Catching up on the Starbucks controversy

BAR NONE - Atty. Ian Vincent Manticajon - The Freeman

Although the controversy involving a branch of the giant coffee chain Starbucks has largely concluded, I wish to share my insights on the issue of senior citizen and PWD discounts that have embroiled the company.

On January 17, Starbucks Philippines had issued an apology following a controversy over a signage that limited the 20% government-mandated discount for senior citizens and persons with disabilities (PWDs) to just one food item and one drink per visit. The issue gained attention after a senior citizen's complaint led to a House inquiry, where House Speaker Martin Romualdez expressed concerns over some establishments' compliance with the law. The House inquiry also revealed similar complaints against other establishments like the bakery chain Goldilocks.

When we talk of discount, we usually refer to a reduction in the price of goods or services offered to customers. A discount could either be given as a courtesy to a specific customer demographics or a marketing strategy to attract customers in general.

While discounts are often viewed from a marketing perspective, and in the case of senior citizen and PWD discounts, as a social courtesy or a responsibility, people often overlook the fact that “there is no such thing as a free lunch.” Somewhere down the line, the cost is borne by someone or some group.

The Expanded Senior Citizens Act of 2010 or RA 9994, as amended by RA 10645, mandates a 20% discount on goods and services availed by our senior citizens, such as medical-related expenses, hotels and similar establishments, public transportation, restaurants, recreation centers, and purchase of certain goods.

The establishment or business providing the discount bears the cost. This means a reduction in their profit margin on the sales or services provided to senior citizens. To compensate for this, the government allows businesses to claim the discounts given as a tax deduction. It is some form of a cost-sharing mechanism between the private sector and the government.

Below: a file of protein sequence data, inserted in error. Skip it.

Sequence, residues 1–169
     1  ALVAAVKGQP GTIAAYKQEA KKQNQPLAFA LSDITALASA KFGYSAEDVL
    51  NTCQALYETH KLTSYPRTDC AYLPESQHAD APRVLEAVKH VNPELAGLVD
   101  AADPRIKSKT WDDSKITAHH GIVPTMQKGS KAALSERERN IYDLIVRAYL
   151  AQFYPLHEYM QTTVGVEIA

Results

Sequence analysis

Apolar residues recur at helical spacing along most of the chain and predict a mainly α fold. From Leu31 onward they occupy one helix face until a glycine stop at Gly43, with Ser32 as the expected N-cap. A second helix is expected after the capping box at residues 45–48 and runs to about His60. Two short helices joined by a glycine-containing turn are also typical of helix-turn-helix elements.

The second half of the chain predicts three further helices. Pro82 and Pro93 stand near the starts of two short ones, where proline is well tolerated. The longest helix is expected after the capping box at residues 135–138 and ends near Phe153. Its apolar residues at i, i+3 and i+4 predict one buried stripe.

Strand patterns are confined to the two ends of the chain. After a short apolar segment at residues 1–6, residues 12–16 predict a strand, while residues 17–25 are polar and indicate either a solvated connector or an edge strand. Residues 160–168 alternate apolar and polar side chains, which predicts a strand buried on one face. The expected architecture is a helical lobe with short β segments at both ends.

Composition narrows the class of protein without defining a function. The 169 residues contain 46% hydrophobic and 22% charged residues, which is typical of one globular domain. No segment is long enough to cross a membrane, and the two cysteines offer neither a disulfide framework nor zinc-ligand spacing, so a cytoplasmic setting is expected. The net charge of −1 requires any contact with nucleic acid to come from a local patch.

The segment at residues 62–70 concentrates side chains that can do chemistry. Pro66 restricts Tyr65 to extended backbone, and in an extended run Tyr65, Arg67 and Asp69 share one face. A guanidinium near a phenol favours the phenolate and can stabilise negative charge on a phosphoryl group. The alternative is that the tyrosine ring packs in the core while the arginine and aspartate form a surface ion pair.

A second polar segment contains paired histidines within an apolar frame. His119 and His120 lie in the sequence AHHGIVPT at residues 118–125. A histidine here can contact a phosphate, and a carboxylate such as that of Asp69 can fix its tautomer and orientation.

However, it is almost unheard of for the private sector to absorb the cost of a discount. Aside from this would lead to a reduction in profit margin, giving discounts also impacts the sector’s capital for expansion and its ability to pay a workforce that can maintain a satisfactory level of product or service. Thus, in most cases, the cost is passed on to other consumers, often without them noticing.

I am in favor of senior citizen discounts as they represent a practical and effective means for the community to express its gratitude and support for our senior citizens. This gesture not only acknowledges their invaluable contributions and years of service to society but also addresses the specific needs of our elderly population. Our society is also able to absorb the cost of such discounts, largely because the Philippines, unlike many aging societies in Asia and Europe, boasts a substantial pool of younger workers and taxpayers.

However, before we consider expanding the discount scheme to other special groups, as we have already done for PWDs, it's important to remember what I mentioned earlier: Every benefit has its cost, which inevitably falls on someone, somewhere --usually on the general consumers and taxpayers.

The Starbucks controversy also seems to suggest that many businesses in the country, including small-medium franchise owners, licensees and/or partners of this globally known coffee chain, feel the heavy burden of sharing the cost for government-mandated discounts. These entrepreneurs are not immune to the pressures of keeping their business afloat and cost-cutting in these challenging times.

Thus, it’s important to consider all aspects of the Starbucks controversy.

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